In the two years since they’ve been matched, Leigh has helped reveal the qualities and strengths that he knew his daughter had in her, but wasn’t sure would get the chance to emerge. When asked to describe Aoife, Daniel chose appassionata, an Italian word, because “an English word just won’t do” to sum her up. “She’s a very warm-hearted person” he says. “She has the soul of an artist.”
He notes that she is very perceptive to the feelings and motivations of others, a talent that she has started to channel into theater. At 11, he’s seeing that she is really starting to come into her own. As he watches her confidence bloom, Daniel credits Leigh with helping foster these positive changes.
“My daughter is my hope for the future, my reason for getting up in the morning… so it’s wonderful to see.”
* Happy Father’s Day to Daniel and all the fathers in Big Sister’s Community.
For many couples who are about to tie the knot, the toughest part of planning their wedding is deciding who to invite. For Leslee Parker, 29, a Big Sister with Big Sister Association of Greater Boston, and Jon Sproul, 33, a Big Brother with Big Brothers Big Sisters of Massachusetts Bay, there were two guests who had to be there to make their special day complete.
Leslee asked her Little Sister 13-year old Aleysia of Cambridge to be her “Sister of Honor” and Jon asked his Little Brother 17-year old Bryant of Dorchester to be his “Brother of Honor” in their wedding which occurred Saturday May 21, 2011 at St. Thomas Chapel in Falmouth Heights.
“Once we decided we wanted to be married, we decided we wanted them in the wedding,” Jon said last week. “They’re such an important part of our lives, like family.”
Bryant and Aleysia walked down the aisle with bridesmaids and groomsmen as part of the ceremony, joined the wedding party for pictures and were announced into the wedding reception at the Falmouth Yacht Club as “the Little Brother of Honor and the Little Sister of Honor.”
The couple, originally from Barnstable but now living in the North End, has been serving as mentors to their Littles for a combined ten years. Jon, who works for Boston Public Schools, was first matched with Bryant, now a senior at Monument High School, in November 2005. Seeing her then boyfriend’s relationship with Bryant, Leslee was inspired to become a Big Sister where she could provide nurturing guidance and support to a young girl. She was matched with Aleysia, an 8th grade student at the Martin Luther King School, in January 2007.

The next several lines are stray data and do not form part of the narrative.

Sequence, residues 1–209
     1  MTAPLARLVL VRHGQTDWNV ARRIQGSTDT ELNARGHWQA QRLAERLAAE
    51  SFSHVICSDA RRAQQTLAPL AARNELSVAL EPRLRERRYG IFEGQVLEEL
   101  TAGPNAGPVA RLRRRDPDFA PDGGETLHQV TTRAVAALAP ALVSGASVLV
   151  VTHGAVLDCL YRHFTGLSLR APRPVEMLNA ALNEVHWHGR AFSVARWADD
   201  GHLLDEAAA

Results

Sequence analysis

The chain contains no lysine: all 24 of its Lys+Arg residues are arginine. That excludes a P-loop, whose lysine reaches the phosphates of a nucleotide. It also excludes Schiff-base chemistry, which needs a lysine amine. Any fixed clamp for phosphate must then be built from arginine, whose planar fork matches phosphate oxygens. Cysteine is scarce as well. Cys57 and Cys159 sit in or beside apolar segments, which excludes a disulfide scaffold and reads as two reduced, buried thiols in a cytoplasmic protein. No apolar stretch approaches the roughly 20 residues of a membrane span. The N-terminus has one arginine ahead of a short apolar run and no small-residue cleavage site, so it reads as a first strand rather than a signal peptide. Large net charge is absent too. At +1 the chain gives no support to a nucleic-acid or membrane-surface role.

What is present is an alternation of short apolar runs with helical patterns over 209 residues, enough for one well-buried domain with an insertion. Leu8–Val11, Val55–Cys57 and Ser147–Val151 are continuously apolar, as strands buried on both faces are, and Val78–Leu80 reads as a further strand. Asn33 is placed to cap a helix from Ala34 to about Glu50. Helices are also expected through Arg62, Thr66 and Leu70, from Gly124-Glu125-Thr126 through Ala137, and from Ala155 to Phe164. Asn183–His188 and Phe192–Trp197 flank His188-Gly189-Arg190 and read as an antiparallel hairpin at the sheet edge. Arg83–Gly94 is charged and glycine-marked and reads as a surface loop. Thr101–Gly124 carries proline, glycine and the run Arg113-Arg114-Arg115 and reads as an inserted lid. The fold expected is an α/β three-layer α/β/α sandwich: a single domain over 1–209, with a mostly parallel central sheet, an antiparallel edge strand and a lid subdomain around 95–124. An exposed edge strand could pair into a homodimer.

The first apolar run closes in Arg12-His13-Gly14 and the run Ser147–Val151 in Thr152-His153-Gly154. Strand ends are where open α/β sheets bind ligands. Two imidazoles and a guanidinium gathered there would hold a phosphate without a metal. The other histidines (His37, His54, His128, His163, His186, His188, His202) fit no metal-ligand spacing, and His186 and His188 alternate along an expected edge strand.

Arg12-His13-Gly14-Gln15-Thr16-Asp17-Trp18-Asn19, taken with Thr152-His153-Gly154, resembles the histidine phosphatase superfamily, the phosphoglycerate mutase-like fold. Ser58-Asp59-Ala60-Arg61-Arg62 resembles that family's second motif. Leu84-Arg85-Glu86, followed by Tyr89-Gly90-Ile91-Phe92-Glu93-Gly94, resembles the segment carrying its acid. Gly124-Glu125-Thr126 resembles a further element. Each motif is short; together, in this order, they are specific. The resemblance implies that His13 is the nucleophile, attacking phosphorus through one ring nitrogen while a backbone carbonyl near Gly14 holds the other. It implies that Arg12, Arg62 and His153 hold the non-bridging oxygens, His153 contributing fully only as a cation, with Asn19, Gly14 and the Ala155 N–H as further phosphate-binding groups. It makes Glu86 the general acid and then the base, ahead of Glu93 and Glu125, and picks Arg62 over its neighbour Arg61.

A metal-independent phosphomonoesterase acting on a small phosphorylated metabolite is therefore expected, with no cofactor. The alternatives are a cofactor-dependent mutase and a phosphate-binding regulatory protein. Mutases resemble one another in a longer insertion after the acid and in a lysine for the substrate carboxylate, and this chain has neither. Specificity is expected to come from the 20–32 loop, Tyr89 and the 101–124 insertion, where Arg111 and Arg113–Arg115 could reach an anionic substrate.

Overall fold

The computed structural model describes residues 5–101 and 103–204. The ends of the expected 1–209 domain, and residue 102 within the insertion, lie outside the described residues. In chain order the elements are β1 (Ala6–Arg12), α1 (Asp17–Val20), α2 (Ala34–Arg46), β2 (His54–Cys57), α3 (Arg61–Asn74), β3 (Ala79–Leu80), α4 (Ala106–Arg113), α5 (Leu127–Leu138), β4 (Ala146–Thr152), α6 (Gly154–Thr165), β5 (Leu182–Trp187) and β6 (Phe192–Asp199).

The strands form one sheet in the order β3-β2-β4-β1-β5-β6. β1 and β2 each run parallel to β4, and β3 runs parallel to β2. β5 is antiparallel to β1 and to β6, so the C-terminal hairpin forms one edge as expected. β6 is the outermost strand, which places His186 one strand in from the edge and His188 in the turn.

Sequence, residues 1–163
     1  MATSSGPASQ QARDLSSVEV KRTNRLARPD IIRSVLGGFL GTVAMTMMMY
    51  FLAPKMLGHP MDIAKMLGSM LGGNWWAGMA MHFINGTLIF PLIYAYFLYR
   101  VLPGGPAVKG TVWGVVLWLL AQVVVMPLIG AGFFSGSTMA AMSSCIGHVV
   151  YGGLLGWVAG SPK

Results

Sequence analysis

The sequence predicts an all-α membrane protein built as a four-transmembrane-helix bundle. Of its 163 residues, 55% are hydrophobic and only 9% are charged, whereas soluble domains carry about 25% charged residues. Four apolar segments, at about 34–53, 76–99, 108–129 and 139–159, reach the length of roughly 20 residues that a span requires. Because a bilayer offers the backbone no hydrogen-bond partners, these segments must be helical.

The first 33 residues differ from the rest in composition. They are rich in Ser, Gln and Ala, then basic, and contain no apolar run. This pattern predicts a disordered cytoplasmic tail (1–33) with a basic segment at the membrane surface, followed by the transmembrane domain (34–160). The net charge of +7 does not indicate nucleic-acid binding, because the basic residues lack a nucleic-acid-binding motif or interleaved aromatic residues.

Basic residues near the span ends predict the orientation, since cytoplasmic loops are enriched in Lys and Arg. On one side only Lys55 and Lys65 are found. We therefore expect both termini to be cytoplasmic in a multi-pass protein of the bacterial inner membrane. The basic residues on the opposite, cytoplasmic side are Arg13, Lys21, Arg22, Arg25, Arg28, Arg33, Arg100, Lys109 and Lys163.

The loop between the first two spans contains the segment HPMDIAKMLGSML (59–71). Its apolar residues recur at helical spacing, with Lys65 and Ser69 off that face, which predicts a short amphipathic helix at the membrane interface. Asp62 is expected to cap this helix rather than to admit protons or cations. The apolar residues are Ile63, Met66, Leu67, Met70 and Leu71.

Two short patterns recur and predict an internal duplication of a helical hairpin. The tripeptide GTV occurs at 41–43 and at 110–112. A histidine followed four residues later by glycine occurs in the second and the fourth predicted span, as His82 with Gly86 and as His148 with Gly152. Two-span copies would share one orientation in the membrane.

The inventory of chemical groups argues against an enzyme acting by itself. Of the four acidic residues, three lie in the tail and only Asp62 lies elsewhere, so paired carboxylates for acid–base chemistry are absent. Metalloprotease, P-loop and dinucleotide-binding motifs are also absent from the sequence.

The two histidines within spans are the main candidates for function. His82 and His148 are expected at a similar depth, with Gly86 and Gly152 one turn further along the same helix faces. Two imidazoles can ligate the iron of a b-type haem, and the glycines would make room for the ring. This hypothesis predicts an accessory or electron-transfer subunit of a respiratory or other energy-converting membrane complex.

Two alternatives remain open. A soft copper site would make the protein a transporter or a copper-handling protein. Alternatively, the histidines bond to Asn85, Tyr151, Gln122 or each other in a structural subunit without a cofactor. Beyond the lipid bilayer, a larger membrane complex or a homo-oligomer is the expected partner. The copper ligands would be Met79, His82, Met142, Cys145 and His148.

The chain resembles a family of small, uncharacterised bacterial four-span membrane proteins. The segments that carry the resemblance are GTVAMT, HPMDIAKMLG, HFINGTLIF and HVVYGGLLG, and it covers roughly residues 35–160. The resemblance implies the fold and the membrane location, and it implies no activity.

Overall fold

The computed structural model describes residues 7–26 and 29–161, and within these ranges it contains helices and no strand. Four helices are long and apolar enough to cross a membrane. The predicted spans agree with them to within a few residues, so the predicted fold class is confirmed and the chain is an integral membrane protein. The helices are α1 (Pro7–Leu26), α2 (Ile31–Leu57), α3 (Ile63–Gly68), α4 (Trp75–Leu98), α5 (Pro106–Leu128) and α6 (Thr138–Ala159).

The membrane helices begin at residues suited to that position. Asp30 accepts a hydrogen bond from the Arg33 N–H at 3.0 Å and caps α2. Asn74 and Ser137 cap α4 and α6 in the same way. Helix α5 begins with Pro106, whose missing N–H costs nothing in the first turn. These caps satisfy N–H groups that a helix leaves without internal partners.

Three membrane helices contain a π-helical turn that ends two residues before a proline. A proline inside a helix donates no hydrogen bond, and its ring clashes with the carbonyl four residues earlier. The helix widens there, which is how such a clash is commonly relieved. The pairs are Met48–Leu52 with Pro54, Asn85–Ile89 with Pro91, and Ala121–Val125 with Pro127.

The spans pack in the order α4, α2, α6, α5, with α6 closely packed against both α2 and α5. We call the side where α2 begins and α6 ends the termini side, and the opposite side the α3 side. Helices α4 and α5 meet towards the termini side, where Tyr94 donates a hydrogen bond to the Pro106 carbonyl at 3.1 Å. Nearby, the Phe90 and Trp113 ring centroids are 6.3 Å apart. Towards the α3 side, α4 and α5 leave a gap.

When asked about her match experience in 2008, Leslee remarked that it defied all her original expectations and that she looked forward to her friendship with Aleysia “growing for years to come”. Indeed it has as Aleysia joined the bride and her bridesmaids as they rode to the chapel in their limousine on the day of the ceremony.
Deborah Re, CEO of Big Sister Association, notes that such stories of Littles being part of their Bigs’ wedding are fairly common.
“The bonds that develop between “Bigs” and “Littles” tend to move quickly into strong, long-lasting friendships. With matches that span years like Leslee and Jon’s, Bigs get to watch their Littles grow up and often become like family.”
According to Wendy Foster, president and CEO of Big Brothers Big Sisters of Massachusetts Bay, this is the first wedding she knows of where both the bride’s and groom’s “Littles” are participating.
* Congratulations to Big Sister Leslee and Little Sister Aleysia who also just celebrated their 4th match anniversary.